Companies are facing poor business performance overall amid the coronavirus pandemic. They are urged to implement reforms with an eye on a “new normal.”
For the business year ending in March, announcements of financial results have just peaked among companies listed on the Tokyo Stock Exchange.
Combined net income among companies listed in the First Section of the TSE, excluding those in the financial sector, is expected to fall short of the previous year’s figure by about 20%. When looking at the January-March quarter alone, the combined net income will likely nosedive about 70%, with Honda Motor Co. and ANA Holdings Inc. among the companies that have posted losses for the period.
The situation has worsened further since April. It is essential for companies to secure a larger amount of cash reserves than usual based on the premise that the fight against the virus will be a long one, while at the same time responding promptly to changes in consumption behavior and customer needs.
Companies must not have realized how fast the coronavirus would spread to all corners of the world — prompting governments to issue restrictions on going out or requests to stay home — thereby causing a prolonged stagnation of economic activities.
Even if the spread of the coronavirus is contained once, a new outbreak could happen. There is no prospect of a V-shaped economic recovery as each country is still struggling over how to carry on with the virus.
The way people live and work definitely has to change as well.
Telecommuting is on the rise, while business negotiations and sales promotion activities, for which face-to-face communication was taken for granted, will possibly move online more than before. The need for online shopping and home delivery services will undoubtedly remain high in the future.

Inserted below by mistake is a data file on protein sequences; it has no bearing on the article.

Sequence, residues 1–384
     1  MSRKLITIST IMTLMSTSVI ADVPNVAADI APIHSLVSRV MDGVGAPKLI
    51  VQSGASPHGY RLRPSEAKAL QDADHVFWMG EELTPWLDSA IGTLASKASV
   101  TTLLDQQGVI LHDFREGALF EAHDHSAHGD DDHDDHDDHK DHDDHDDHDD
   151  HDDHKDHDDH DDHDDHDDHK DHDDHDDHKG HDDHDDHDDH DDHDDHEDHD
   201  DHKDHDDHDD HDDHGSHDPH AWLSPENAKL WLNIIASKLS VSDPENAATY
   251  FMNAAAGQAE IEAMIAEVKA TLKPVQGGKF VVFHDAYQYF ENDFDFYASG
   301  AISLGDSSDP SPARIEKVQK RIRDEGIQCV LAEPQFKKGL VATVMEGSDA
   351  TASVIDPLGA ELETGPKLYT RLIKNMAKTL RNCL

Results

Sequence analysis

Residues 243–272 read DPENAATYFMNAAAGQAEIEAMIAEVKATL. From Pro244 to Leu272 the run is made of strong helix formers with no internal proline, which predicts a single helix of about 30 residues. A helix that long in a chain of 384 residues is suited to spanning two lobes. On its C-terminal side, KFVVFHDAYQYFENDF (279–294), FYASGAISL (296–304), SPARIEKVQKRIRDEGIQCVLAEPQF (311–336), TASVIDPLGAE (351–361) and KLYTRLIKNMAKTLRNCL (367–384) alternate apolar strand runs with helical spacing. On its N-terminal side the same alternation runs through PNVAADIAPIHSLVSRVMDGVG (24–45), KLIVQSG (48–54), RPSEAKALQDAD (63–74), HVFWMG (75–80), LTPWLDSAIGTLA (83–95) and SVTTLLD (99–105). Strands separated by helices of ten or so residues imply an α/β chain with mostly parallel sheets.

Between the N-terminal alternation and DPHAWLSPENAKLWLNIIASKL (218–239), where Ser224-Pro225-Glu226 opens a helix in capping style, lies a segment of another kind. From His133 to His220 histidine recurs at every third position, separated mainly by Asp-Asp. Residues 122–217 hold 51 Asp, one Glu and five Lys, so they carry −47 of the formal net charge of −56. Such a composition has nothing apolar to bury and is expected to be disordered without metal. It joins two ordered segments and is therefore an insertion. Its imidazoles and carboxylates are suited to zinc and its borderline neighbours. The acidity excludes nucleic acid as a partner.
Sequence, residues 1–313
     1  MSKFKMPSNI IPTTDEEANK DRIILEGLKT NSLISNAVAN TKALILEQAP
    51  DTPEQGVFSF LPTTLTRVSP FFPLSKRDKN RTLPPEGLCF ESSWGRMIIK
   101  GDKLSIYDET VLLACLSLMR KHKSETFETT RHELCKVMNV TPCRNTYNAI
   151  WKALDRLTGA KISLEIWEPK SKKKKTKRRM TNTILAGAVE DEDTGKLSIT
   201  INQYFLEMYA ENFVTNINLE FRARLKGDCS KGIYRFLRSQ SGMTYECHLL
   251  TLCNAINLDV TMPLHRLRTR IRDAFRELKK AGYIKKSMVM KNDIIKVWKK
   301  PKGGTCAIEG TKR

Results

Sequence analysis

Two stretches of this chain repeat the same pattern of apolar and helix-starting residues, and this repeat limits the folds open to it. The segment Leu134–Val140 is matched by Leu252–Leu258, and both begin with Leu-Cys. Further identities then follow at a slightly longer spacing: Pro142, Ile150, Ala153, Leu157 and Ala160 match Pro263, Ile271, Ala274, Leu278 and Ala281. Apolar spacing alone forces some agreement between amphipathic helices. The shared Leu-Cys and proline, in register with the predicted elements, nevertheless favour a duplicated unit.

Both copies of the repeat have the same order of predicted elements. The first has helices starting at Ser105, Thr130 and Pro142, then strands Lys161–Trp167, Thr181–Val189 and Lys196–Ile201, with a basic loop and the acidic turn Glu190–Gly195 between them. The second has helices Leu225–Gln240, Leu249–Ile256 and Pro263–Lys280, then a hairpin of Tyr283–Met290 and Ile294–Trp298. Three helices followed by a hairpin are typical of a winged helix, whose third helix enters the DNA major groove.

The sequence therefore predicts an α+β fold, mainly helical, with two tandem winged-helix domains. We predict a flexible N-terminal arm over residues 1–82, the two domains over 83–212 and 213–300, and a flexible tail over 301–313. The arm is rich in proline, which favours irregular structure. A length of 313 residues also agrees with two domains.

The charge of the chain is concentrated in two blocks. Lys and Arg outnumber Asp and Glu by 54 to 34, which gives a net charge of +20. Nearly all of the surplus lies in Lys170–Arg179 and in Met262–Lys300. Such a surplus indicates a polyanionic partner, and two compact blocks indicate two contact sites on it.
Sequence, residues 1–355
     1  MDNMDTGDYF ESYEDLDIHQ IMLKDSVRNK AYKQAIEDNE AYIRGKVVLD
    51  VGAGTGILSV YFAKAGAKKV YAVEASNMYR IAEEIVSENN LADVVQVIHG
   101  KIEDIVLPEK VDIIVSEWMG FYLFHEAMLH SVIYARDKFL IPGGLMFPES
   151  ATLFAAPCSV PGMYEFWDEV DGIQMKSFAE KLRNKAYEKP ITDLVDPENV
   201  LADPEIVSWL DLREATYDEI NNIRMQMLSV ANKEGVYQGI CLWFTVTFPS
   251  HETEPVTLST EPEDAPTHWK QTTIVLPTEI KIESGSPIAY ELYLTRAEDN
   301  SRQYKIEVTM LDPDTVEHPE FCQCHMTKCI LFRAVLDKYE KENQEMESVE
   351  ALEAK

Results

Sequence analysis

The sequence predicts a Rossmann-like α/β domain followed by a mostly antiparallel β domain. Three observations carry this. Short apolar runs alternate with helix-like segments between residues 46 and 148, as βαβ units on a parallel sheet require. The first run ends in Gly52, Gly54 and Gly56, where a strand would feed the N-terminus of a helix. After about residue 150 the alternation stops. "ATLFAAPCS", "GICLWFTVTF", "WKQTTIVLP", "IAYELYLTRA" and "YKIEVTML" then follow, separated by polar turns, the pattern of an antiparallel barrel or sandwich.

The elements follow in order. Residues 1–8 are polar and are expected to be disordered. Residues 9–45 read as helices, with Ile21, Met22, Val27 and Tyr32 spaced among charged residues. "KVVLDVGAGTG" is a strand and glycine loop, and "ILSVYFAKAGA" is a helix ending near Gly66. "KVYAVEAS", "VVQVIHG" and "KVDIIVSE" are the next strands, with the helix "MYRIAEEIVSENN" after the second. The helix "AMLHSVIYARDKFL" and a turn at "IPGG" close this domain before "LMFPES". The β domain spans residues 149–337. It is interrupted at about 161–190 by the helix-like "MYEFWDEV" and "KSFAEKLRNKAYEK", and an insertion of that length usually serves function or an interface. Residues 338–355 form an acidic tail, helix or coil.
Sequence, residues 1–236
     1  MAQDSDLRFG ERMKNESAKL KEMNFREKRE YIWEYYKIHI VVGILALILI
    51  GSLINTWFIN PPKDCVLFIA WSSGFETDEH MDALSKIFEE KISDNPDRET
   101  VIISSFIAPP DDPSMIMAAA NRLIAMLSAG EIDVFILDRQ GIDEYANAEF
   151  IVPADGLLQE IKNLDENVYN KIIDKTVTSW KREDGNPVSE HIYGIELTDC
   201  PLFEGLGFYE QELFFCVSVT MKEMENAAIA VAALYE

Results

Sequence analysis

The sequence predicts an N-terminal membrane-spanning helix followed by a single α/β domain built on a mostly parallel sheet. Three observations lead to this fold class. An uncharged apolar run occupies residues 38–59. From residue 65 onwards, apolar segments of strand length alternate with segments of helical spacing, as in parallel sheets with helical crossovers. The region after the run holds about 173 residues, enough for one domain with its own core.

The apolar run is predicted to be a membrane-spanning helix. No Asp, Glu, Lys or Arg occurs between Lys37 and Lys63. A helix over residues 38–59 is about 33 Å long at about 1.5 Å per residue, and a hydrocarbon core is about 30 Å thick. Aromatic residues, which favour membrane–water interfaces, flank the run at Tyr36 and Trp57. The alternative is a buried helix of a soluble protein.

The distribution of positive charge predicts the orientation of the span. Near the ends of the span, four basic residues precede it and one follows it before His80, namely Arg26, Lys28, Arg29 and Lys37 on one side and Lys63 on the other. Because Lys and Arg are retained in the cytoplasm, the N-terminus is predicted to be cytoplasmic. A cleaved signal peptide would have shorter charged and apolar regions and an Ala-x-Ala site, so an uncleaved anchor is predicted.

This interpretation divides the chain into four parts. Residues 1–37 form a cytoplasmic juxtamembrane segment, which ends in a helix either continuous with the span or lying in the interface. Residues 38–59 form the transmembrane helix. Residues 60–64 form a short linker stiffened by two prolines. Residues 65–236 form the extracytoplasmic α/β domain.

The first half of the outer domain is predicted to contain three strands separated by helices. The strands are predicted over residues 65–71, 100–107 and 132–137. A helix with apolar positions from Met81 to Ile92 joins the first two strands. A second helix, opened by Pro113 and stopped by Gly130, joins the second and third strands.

The pandemic has also made us realize anew how fun it is to spend money on live performances and other firsthand experiences. These events may gain fresh popularity once safety is secured.
It is time for executives to use their ingenuity in finding business opportunities and deciding where they should focus their investments.
A move by Toyota Motor Corp. has drawn attention at a time when many companies have found it difficult to release their earnings forecasts.
In what it described as “presenting a benchmark,” the giant automaker dared to release its earnings forecast for the year ending March 2021, in which it expects a consolidated operating income of ¥500 billion, down by 79.5% compared to the previous year.
President Akio Toyoda announced that his company will manage to stay in the black and will make desperate efforts to maintain a domestic production capacity of 3 million vehicles per year. As the automobile industry has a broad support base, his remarks will surely have the effect of reassuring Toyota’s business partners. It is hoped that the manufacturer will help maintain employment.
Companies must accelerate efforts to review supply chains that have depended greatly on China. This is also important from the viewpoint of economic security.
Trade friction between the United States and China could intensify further as the two countries are stepping up their confrontation over issues surrounding the coronavirus. It is important for companies to take countermeasures as soon as possible.
To prevent a situation in which companies cannot secure what they need when necessary, it must be effective to have a number of suppliers or to switch to in-house production of necessary parts.
The government has also decided to provide subsidies to companies that have moved their production bases to Japan, among other steps. It is hoped that many companies will proactively take advantage of this scheme.
— The original Japanese article appeared in The Yomiuri Shimbun on May 16, 2020.